COPENHAGEN (Reuters) - Danish inventor Peter Madsen denies a new charge of abuse of a corpse, which police have put to the court investigating whether he killed Swedish reporter Kim Wall on board his submarine.
Police said on Wednesday, as they formally identified her headless torso, that the body had been weighted down with metal and an attempt had been made to remove gas and air from inside to keep it on the seabed.
On Friday, police halted the search for Wall's remaining body parts in the waters between Denmark and Sweden, although divers were searching the harbor to which Madsen was brought after being rescued.
Officers declined to comment on why the search had been suspended, other than saying they were ready to begin it again when necessary.
Police have received 656 tip-offs in the case and urged the public to keep a look out, especially for the missing limbs and the clothes Wall was wearing - an orange shirt, black and white skirt and white shoes - when the submarine headed out.
"We also still want to hear from people who can make us more aware of the people involved and their behavior," the police statement said.
Wall, who was researching a story on inventor Peter Madsen, went missing after he took her out to sea in his 17-metre (56-foot) submarine on Aug. 10.
Police charged Madsen with killing Wall, a charge carrying a sentence of between five years and life in prison, on Aug. 11 when he was rescued after his submarine sank.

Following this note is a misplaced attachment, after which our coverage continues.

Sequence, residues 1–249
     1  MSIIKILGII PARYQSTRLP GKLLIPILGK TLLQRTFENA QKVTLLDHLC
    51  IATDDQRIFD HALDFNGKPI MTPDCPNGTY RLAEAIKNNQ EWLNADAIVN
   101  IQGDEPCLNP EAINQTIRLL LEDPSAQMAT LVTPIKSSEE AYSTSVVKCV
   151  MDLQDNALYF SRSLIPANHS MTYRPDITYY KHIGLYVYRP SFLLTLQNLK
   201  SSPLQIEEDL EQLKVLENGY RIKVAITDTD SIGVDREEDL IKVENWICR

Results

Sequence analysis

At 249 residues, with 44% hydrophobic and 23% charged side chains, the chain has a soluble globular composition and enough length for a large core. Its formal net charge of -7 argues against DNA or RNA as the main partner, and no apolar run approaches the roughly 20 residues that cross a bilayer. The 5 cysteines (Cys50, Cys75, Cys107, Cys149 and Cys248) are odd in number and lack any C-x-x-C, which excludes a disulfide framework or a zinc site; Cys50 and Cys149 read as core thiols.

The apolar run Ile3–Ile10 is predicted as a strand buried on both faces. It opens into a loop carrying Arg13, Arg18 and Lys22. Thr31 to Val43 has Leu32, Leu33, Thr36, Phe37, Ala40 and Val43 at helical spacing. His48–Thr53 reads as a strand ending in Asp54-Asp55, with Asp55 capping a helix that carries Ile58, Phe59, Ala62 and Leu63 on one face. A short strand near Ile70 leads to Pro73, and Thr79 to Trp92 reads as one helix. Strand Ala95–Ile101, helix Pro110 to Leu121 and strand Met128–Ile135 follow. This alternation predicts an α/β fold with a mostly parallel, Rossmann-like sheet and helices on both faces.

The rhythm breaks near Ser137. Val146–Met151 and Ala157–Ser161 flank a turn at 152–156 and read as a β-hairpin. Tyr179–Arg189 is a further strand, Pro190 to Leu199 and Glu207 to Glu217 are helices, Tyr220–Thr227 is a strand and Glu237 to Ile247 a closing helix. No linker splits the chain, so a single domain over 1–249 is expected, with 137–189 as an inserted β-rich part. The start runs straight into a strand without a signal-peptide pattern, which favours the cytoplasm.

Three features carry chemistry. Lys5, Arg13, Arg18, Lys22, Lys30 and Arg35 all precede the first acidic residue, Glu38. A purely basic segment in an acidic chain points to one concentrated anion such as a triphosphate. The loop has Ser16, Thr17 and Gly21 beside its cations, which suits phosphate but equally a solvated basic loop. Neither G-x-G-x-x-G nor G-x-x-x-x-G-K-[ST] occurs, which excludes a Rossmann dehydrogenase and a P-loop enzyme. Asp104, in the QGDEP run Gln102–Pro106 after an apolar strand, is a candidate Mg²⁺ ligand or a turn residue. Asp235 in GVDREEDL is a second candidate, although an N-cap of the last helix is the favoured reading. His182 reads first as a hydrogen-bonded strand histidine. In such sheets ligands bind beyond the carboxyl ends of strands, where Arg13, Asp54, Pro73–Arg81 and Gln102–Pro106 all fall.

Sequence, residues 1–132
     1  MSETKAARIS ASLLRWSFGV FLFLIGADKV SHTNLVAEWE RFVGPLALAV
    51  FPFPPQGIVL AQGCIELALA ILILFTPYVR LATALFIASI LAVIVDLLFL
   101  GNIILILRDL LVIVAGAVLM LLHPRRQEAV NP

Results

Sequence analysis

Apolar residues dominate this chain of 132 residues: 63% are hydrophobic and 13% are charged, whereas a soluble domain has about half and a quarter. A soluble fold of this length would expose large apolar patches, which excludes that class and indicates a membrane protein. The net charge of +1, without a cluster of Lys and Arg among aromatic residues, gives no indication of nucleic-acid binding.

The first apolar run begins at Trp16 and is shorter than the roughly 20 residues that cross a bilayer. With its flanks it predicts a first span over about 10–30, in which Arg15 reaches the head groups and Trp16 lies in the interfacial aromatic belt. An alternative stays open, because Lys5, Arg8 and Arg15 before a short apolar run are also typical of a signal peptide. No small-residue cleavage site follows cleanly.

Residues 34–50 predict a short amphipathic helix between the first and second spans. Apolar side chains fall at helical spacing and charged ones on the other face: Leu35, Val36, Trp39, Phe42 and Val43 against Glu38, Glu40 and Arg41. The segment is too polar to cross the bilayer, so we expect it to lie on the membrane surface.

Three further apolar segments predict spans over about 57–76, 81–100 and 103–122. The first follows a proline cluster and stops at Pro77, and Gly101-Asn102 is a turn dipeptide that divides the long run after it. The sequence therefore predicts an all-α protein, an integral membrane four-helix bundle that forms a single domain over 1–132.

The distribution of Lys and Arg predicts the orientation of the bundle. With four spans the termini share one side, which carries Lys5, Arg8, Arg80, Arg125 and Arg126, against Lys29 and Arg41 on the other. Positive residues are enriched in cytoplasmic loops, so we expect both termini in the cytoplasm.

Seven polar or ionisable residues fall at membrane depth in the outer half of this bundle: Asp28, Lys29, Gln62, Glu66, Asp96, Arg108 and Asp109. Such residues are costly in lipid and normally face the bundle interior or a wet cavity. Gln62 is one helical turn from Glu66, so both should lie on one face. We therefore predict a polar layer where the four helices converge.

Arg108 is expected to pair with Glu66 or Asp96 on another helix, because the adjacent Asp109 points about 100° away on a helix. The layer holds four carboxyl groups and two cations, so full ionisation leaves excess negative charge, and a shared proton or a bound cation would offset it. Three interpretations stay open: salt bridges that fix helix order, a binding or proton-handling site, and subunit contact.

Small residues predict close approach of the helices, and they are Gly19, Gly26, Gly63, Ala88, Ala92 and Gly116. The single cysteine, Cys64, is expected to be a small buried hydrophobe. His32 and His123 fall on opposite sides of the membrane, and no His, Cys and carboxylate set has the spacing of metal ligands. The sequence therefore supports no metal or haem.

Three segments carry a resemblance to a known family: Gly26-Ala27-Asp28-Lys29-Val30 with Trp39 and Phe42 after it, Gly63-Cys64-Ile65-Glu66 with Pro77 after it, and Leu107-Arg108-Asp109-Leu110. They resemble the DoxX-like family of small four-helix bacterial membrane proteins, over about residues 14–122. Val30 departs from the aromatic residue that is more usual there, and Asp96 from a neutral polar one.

Madsen denies both the murder and abuse of a corpse charges, the police statement said. He and his lawyer says he buried her at sea after she died in an accident.
In its preliminary investigation, the court ordered Madsen detained until Sept. 5, pending further inquires, on the lesser charge of involuntary manslaughter.
Police will seek to extend the pre-trial custody when it is reviewed next month, again requesting he be held on the murder charge as they initially did, police spokesman Jakob Buch-Jepsen said on Thursday.
The submarine is one of three constructed by Madsen and one of the largest privately built ones in the world. It can carry eight people and weighs 40 tonnes when fully equipped.
Police still do not know the cause of Wall's death.
(Reporting by Stine Jacobsen; Editing by Alison Williams)